|Title||Association of age at depression onset with cognitive functioning in individuals with late-life depression and executive dysfunction.|
|Publication Type||Journal Article|
|Year of Publication||2014|
|Authors||R Mackin S, J Nelson C, Delucchi KL, Raue PJ, Satre DD, Kiosses DN, Alexopoulos GS, Arean PA|
|Journal||Am J Geriatr Psychiatry|
|Date Published||2014 Dec|
|Keywords||Age Factors, Age of Onset, Aged, Aged, 80 and over, Cognition Disorders, Depressive Disorder, Major, Executive Function, Female, Humans, Male, Middle Aged, Randomized Controlled Trials as Topic|
OBJECTIVE: To compare patterns of cognitive performance in older adults with late-onset depression (LOD; ≥65 years of age) with that of older adults with early-onset depression (EOD; <65 years).
METHODS: Participants were 171 adults aged 60 years or older with major depression and executive dysfunction who were participating in a randomized psychotherapy trial. Participants included 72 LOD and 99 EOD individuals. Cognitive performance on measures of verbal learning, memory, and executive functioning were evaluated. Demographic and clinical characteristics, severity of cerebrovascular risk factors, and disability ratings were also compared between groups.
RESULTS: The LOD group was older and had fewer previous episodes of depression and lower severity of depression compared with EOD participants. The LOD group demonstrated poorer performance on measures of verbal learning (F(1,161) = 4.28, p = 0.04) and memory (F(1,160) = 4.65, p = 0.03) than the EOD group. Linear regression analysis demonstrated that LOD and fewer years of education were significant predictors of poorer verbal learning (F(7,114) = 6.25, p <0.001) and memory (F(7,113)=7.24, p <0.001). Performance on measures of executive functioning, severity of vascular risk factors, and disability ratings did not differ between the two groups.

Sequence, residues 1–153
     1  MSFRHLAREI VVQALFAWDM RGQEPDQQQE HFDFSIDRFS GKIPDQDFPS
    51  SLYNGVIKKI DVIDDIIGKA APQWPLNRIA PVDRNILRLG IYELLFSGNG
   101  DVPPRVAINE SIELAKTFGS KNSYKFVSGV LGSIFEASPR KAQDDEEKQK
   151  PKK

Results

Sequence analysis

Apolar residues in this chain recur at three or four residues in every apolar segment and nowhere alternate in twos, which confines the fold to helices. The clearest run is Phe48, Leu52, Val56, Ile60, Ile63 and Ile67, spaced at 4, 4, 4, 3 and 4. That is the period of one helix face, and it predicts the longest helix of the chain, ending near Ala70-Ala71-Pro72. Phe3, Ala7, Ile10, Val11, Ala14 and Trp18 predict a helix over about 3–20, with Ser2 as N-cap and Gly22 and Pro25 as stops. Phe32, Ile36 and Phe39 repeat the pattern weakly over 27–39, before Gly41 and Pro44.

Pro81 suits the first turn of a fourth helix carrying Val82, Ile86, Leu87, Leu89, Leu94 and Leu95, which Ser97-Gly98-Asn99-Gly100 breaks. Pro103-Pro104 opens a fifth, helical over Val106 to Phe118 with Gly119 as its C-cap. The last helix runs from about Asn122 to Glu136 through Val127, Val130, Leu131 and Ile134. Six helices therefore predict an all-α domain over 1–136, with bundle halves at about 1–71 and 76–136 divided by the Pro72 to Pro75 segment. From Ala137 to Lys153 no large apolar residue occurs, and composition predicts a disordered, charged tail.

CONCLUSION: In older adults with depression and executive dysfunction, LOD was associated with poorer performance on measures of verbal learning and memory. Aging-related brain changes associated with LOD may play a more important role, leading to dysfunction in these cognitive domains than a history of recurrent depressive episodes in older adults with a dysexecutive syndrome.
|Alternate Journal||Am J Geriatr Psychiatry|
|PubMed Central ID||PMC4145037|
|Grant List||R01 MH063982 / MH / NIMH NIH HHS / United States |
R01 0977669 / / PHS HHS / United States
R01 MH064099 / MH / NIMH NIH HHS / United States
K08 MH081065 / MH / NIMH NIH HHS / United States
P30 MH068638 / MH / NIMH NIH HHS / United States
R01 MH098062 / MH / NIMH NIH HHS / United States